connected parenting, trauma

find the meaning behind hard words

When we hear "you're mean," we might really be hearing… I don't like what you're saying. I want to hit you but I'm learning how to use my words instead. When we hear "you're not my mom," we might really be hearing... It's scary to start to love you. Please don't go away like my… Continue reading find the meaning behind hard words

connected parenting

when parents get (physically) hurt

I waved to my kids as they rode by in the car with my husband. I pushed by toddler in his stroller to get coffee and a scone for him. I walked back home. One block from our house, I stopped and looked in all directions to see cars waiting at stop signs for us… Continue reading when parents get (physically) hurt

7 children's books about feelings

7 children’s books about feelings

This post contains affiliate links. The Connected Nest will receive a small compensation if you make a purchase after clicking on the links, but these product recommendations are genuine. It's wise of us to help our kids use words to describe their feelings. It allows them to express themselves verbally instead of physically. It makes them… Continue reading 7 children’s books about feelings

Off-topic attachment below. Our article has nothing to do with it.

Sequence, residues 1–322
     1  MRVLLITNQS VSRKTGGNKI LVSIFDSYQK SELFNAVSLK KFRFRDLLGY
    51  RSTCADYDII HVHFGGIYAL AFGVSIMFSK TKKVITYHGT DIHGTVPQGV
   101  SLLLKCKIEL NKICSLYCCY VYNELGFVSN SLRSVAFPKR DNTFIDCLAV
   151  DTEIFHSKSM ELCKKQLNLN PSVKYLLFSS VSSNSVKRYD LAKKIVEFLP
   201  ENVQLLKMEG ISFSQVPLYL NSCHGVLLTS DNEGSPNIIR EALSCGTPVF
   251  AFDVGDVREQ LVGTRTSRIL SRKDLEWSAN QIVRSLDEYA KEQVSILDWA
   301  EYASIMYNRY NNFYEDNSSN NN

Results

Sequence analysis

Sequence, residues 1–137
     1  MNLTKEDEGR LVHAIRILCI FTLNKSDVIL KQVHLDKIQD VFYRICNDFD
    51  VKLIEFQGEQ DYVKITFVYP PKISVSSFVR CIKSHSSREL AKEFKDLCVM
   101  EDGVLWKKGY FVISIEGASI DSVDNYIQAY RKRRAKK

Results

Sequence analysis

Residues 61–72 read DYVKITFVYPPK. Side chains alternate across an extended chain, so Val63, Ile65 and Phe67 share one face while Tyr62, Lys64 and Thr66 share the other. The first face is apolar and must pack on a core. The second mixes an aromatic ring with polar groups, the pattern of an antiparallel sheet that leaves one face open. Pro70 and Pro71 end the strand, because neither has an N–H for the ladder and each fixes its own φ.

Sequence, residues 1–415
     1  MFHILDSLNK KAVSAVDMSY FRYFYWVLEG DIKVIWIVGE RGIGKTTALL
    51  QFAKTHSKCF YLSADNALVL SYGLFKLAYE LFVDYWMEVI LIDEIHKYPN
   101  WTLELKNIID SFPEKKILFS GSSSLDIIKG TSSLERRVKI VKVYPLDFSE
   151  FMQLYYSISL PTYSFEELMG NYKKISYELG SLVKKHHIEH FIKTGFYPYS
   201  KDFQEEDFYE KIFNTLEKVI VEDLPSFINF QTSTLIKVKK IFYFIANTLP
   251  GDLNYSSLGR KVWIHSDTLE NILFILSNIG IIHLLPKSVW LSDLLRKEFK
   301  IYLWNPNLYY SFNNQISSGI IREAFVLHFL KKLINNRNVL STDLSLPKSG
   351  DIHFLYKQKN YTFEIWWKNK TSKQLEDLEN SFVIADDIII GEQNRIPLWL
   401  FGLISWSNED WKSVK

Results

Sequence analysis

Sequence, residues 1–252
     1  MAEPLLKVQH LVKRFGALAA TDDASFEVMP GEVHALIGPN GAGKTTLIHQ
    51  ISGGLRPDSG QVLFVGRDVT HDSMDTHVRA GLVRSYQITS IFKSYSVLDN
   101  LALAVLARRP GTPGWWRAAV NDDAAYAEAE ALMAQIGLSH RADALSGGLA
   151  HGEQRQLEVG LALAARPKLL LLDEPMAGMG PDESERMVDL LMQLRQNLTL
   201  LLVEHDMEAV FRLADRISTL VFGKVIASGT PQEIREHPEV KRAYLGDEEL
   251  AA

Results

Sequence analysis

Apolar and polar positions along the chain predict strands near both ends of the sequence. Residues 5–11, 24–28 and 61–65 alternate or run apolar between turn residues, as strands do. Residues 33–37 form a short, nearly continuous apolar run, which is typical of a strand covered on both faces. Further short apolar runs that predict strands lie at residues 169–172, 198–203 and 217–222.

the step you're missing when you connect before correcting your child
connected parenting

the step you’re missing in “connect, then correct”

Connect, then correct. It's a phrase I've heard for a long time now. At its most simple, it's quite easy. Connect with your child before providing any correction about what they've done. My toddler hits me when I pick him up after he's bolted from me in the parking lot. I connect: "You're mad!" Then… Continue reading the step you’re missing in “connect, then correct”

the best way to respond to your adopted child's challenging behaviors using five principles
connected parenting, TBRI

five principles for challenging behaviors

The IDEAL Response©, drawn from the Trust-Based Relational Intervention (TBRI)®, provides us with five basic principles to employ when faced with challenging behaviors from our foster or adopted children. (Okay, let's be honest. This stuff works with most children in most situations. It's gold.) The acronym provides a basis for remembering these principles. Immediate: Respond immediately… Continue reading five principles for challenging behaviors